Washington lost star shortstop Trea Turner to a broken wrist in just fourth game of the year. Subsequently, management made the ill-advised decision to call up prospect Carter Kieboom to replace Turner.
Kieboom had gotten off to a hot start in Triple-A, but was completely overmatched against big-league pitching. The 21-year-old hit just .128 with a .491 OPS in 11 games as Washington’s shortstop before getting sent back down to the minors.
To make matters worse, Kieboom committed four errors and was already rated as one of the worst defensive shortstops in the game in his first taste of MLB action. The Nationals rank 25th in the big leagues with 27 errors this season, and are 27th as a team in terms of defensive fWAR.
Anthony Rendon was among the best players in baseball through the first 19 games of the season, but he too would fall victim to injury. In response, the Nationals went 5-9 in his absence, scoring just 3.5 runs per game during that stretch.
And on May 7, Juan Soto went on the 10-day IL with back spasms, an injury that has haunted hitters even when they return feeling “healthy.”
Bullpen woes continue
While Barraclough and Doolittle have been tremendous, the Nationals have hardly had any reliable arms in the middle innings. The Rosenthal experiment was a disaster, and Joe Ross’ move back to the bullpen has been equally ill-fated.
Matt Grace and Wander Suero look good from an advanced metrics standpoint, but they have failed to get outs in big spots. Grace had a 6.75 ERA as of May 8, and Suero had a 7.07 for a Nats bullpen that ranks 17th in the bigs in terms of fWAR.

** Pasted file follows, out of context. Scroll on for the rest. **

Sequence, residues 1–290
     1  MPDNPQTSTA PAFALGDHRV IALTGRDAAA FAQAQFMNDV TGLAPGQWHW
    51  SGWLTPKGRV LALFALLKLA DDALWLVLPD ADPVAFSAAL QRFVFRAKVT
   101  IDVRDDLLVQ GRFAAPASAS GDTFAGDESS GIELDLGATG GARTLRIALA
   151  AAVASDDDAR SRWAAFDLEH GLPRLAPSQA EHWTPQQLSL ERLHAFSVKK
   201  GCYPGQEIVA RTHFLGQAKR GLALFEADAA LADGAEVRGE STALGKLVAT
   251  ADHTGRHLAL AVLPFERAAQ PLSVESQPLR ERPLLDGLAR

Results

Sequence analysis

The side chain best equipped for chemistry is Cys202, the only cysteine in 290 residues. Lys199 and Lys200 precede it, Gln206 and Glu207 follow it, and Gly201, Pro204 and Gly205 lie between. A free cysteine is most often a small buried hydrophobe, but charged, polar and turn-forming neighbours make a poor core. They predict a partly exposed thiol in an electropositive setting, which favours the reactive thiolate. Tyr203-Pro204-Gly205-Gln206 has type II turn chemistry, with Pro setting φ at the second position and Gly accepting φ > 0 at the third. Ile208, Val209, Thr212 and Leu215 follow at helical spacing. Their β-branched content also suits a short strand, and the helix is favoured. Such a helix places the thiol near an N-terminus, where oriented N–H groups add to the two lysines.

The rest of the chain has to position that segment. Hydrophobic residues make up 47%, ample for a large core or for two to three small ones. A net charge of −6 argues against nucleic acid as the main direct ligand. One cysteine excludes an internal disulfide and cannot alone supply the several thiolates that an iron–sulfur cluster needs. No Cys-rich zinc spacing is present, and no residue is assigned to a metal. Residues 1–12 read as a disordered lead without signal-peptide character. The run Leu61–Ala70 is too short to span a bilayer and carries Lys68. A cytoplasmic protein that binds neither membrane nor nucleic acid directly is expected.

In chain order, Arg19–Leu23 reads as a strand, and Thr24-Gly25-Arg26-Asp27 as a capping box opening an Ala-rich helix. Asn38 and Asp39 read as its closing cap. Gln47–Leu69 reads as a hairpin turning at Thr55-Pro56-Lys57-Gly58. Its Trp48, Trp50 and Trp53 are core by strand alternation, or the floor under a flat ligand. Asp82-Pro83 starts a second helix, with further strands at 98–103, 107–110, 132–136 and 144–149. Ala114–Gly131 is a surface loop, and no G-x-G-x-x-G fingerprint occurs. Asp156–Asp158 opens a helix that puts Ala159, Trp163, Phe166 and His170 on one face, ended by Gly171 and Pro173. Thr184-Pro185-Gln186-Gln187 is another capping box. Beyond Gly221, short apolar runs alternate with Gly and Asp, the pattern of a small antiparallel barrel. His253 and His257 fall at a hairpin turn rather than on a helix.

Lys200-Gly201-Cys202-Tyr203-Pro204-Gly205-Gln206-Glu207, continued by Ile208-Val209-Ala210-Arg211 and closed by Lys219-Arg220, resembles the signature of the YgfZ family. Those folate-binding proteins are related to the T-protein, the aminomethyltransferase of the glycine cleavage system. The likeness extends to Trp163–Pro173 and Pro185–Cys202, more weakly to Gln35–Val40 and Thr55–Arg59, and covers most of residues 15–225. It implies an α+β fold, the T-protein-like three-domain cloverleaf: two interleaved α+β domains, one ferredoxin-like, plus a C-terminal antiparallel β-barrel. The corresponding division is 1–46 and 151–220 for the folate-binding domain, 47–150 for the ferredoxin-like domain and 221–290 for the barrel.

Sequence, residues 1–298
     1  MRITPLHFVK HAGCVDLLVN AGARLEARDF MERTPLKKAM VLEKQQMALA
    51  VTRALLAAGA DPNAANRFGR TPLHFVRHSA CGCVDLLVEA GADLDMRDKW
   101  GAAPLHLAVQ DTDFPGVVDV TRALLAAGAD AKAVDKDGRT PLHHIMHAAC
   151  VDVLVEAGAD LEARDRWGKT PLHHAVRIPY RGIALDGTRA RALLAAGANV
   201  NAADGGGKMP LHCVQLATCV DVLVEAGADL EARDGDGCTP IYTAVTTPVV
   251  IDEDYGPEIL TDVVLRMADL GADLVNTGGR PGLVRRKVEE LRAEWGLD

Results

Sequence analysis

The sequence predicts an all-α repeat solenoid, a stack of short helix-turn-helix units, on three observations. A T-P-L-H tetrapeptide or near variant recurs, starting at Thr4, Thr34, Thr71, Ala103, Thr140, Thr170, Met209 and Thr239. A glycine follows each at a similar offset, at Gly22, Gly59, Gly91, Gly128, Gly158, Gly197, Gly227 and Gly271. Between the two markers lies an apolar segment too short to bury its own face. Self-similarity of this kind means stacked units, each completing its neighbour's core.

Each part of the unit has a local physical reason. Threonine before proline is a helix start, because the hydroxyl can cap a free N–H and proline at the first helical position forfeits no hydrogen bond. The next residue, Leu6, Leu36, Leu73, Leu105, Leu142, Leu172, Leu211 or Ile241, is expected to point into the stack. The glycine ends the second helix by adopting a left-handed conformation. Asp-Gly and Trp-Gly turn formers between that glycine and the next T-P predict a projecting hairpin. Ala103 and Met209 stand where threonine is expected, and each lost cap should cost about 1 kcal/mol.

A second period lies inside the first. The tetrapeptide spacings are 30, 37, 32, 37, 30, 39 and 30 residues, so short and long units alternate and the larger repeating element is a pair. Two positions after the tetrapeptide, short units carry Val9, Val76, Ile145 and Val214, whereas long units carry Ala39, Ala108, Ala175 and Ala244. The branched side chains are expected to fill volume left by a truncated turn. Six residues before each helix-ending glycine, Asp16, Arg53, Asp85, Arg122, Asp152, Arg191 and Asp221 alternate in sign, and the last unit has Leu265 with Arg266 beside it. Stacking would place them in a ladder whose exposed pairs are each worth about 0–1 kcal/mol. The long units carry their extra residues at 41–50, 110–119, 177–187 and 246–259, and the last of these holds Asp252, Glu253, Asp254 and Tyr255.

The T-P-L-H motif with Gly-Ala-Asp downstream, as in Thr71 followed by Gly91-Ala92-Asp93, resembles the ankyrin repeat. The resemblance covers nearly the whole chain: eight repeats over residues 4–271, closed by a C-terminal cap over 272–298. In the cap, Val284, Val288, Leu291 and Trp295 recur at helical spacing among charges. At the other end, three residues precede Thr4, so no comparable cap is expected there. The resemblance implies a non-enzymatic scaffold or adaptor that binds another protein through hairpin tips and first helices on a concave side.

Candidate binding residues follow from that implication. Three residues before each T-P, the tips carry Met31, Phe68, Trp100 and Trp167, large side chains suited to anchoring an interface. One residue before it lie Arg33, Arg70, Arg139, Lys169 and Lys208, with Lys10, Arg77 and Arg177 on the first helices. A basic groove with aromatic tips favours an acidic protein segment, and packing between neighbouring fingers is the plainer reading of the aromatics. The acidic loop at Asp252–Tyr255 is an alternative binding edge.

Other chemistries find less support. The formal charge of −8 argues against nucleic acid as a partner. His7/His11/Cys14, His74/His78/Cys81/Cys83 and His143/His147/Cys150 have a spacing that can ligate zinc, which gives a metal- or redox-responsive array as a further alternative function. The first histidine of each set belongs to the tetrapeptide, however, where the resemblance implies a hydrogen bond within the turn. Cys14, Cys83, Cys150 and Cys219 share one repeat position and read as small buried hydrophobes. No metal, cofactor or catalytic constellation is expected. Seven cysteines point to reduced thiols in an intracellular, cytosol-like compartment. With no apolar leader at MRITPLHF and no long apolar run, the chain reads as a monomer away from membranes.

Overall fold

Unfortunately, bullpen issues are nothing new for Washington fans. The Nats ranked 25th in bullpen fWAR in 2018 and 17th in a 97-win 2017 season. Only with the starting rotation off to a slower start and the lineup not scoring as many runs, these struggles have been amplified so far this season as Washington has a -23 run differential.
As previously mentioned, Nats pitchers have hardly been helped out by one of the worst defenses in baseball this season. Still, Washington needs to get contributions from their bullpen in high leverage spots, otherwise Martinez will continue to ask too much of the starters (especially the top three).
Lack of confidence?
Sure, former Washington manager Dusty Baker was fired–as many other managers and coaches have–for failing to win a playoff series. Still, he had a reputation as a player’s manager and a winner in the bigs.
Martinez, on the other hand, remains fairly new to managerial exploits, and there were plenty of rumors last season that he and Harper were often not on the same page. Then there is this:
Nationals under Dusty Baker in 2017: 97-65
Nationals under Dave Martinez total: 96-100.
— Joe Posnanski (@JPosnanski) May 7, 2019
Of course, Martinez does not make decisions behind the scenes. He has to manage with the personnel he has on the field. Still, it is not hard to wonder whether or not there is a real sense of urgency for a manager whose only real taste of winning came as a bench coach with the Chicago Cubs in 2016.
In a division where the Phillies and Braves seem likely to get better as the year goes along, the Nationals cannot afford to climb into a big hole. Washington must find a way to turn things around despite their injuries, or their manager could pay the price.